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It had looked like this game would be a battle of the back threes; the confident, well drilled reigning champions against an Arsenal side looking to use the formation to regain some stability.
The shape has so far worked for the Gunners at home with wins against Leicester and Bournemouth, but it has struggled away from the Emirates, leading to a narrow loss at Stoke and a thrashing at Liverpool.
During their Europa League group stage encounter with FC Cologne, however, Arsene Wenger switched his formation at half-time to great effect.
Having gone a goal down early in the game when Jhon Cordoba lifted the ball over David Ospina following the keeper’s poor clearance, the French manager introduced Saed Kolasinac in place of Rob Holding, switching to a back four and changed the game.
Arsenal went on to score three goals and win the game comfortably, with the Bosnian substitute getting on the scoresheet to add extra weight to the idea that the manager’s changes won them the game.
“The boss had to change the tactics and it worked in the end. Sead came on, it gave us a boost,” said Hector Bellerin, who moved from wing-back to full back.
When half time adjustments change the outcome of a game, there is always the argument that the manager should have started with this setup in the first place.
Now Wenger faces the dilemma of whether to return to a back three against Chelsea, matching Antonio Conte’s side, or stick with the back four formation which enabled them to claim victory against Cologne.
Arsenal’s back four seems to help their own attackers, and getting the best from Alexis Sanchez and Mesut Ozil while they are still at the club could be their best hope of returning to the top four.
In the first half against Cologne their back five was left exposed. It consisted of one line of defenders with little support from those in front of them.
The three or four in midfield — depending on whether Theo Walcott, Sanchez, or both tracked back — were of little use when it came to protecting wide areas, and they were to compact in the centre to help spring a counter.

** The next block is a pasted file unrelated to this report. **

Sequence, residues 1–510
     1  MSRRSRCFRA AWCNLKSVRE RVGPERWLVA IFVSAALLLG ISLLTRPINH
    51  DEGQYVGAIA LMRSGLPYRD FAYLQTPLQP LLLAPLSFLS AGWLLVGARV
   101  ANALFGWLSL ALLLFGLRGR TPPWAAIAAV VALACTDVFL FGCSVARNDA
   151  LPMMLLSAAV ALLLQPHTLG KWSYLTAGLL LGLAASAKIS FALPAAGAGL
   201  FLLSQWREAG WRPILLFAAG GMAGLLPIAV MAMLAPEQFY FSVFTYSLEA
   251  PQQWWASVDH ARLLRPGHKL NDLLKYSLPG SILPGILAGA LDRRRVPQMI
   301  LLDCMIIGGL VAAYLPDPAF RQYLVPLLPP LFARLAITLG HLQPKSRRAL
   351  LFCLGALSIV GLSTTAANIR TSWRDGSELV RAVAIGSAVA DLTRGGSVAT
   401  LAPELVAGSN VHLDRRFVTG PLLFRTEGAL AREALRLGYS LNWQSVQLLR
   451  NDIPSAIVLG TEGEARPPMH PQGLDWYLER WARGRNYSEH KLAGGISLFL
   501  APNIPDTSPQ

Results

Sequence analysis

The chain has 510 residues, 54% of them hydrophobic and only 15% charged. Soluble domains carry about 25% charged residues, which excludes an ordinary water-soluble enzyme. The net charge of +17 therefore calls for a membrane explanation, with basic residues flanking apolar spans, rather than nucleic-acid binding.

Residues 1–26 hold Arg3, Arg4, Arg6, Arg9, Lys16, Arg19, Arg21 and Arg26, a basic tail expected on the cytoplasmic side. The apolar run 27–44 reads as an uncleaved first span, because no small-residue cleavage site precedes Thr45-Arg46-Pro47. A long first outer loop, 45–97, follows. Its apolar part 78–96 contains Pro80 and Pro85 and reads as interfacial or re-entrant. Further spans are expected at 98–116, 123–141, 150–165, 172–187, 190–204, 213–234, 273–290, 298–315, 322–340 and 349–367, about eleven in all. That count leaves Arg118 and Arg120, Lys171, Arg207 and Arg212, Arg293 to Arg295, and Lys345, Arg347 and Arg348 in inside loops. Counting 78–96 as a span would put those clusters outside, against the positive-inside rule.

The opposition wide players had plenty of time to weigh up their crossing options, and shortly after the image above, the ball was sent in behind the Arsenal defence with Petr Cech only just managing to collect the ball.
In the second half the midfield were more spread out, able to support the full back by shifting across to the side of the ball, and also providing an option of a short pass through the lines to spring a counter attack.
Chelsea, on the other hand, have no such worries when it comes to honing their system. They may have a few decisions to make in terms of personnel, but as far as their system is concerned they are already well versed when it comes to executing Conte’s plan.
The two attacking midfielders perform the dual role of protecting the midfield and the wing-backs, and will look to break quickly if the ball is won back. Depending on which side the ball is on, one will provide cover while the other lurks ready to initiate a counter-attack.
In the image below Willian is making his way back to help right sided midfielder Cesc Fabregas and wing-back Victor Moses, while Pedro (bottom) is already looking forward to see where Álvaro Morata is in case the team win the ball back and can counter.
Conte has decisions to make when it comes to personnel, but regardless of the player the system stays the same, save for a 3-5-1-1 formation used against Tottenham.
Davide Zappacosta caught the eye in their easy Champions League tie against Qarabag in midweek, while a number of fringe players also got a run out and will be hoping it was more than a one-off, including the likes of Andreas Christensen and Michy Batshuayi.
While it will be tempting for Wenger to revert to the formation he’s used for much of the season, with mixed success, simply to match Chelsea, if he’s to match them man for man defensively a 4-2-3-1 might make more sense.
This would mean the two deep midfielders can take care of Chelsea’s attacking midfielders, leaving a spare centre back to nullify Morata.
For Chelsea the space could then come from the supporting midfielders in the centre of the park, who could find joy making late runs into the box while their wing backs occupy Arsenal’s full-backs. Though if the wide players in the three track back for Wenger’s side, leaving one three for the counter as Chelsea do, then it could be an interesting man-to-man battle.